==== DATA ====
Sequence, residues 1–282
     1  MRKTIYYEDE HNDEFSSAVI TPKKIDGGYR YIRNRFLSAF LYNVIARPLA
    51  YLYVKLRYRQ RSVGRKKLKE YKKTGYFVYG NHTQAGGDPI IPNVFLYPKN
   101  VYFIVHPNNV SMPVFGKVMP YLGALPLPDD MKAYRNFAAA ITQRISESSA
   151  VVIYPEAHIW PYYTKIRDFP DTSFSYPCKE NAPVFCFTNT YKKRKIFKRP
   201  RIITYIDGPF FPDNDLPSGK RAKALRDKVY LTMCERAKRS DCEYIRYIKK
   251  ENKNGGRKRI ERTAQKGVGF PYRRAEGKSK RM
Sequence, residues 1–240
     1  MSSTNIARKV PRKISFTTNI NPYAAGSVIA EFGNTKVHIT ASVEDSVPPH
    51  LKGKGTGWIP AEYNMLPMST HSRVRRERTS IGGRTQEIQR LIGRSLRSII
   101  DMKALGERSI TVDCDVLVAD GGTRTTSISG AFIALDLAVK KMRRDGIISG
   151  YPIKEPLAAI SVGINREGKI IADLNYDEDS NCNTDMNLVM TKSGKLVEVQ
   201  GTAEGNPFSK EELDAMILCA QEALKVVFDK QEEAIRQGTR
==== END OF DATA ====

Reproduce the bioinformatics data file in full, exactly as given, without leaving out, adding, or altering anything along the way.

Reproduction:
Sequence, residues 1–282
     1  MRKTIYYEDE HNDEFSSAVI TPKKIDGGYR YIRNRFLSAF LYNVIARPLA
    51  YLYVKLRYRQ RSVGRKKLKE YKKTGYFVYG NHTQAGGDPI IPNVFLYPKN
   101  VYFIVHPNNV SMPVFGKVMP YLGALPLPDD MKAYRNFAAA ITQRISESSA
   151  VVIYPEAHIW PYYTKIRDFP DTSFSYPCKE NAPVFCFTNT YKKRKIFKRP
   201  RIITYIDGPF FPDNDLPSGK RAKALRDKVY LTMCERAKRS DCEYIRYIKK
   251  ENKNGGRKRI ERTAQKGVGF PYRRAEGKSK RM
Sequence, residues 1–240
     1  MSSTNIARKV PRKISFTTNI NPYAAGSVIA EFGNTKVHIT ASVEDSVPPH
    51  LKGKGTGWIP AEYNMLPMST HSRVRRERTS IGGRTQEIQR LIGRSLRSII
   101  DMKALGERSI TVDCDVLVAD GGTRTTSISG AFIALDLAVK KMRRDGIISG
   151  YPIKEPLAAI SVGINREGKI IADLNYDEDS NCNTDMNLVM TKSGKLVEVQ
   201  GTAEGNPFSK EELDAMILCA QEALKVVFDK QEEAIRQGTR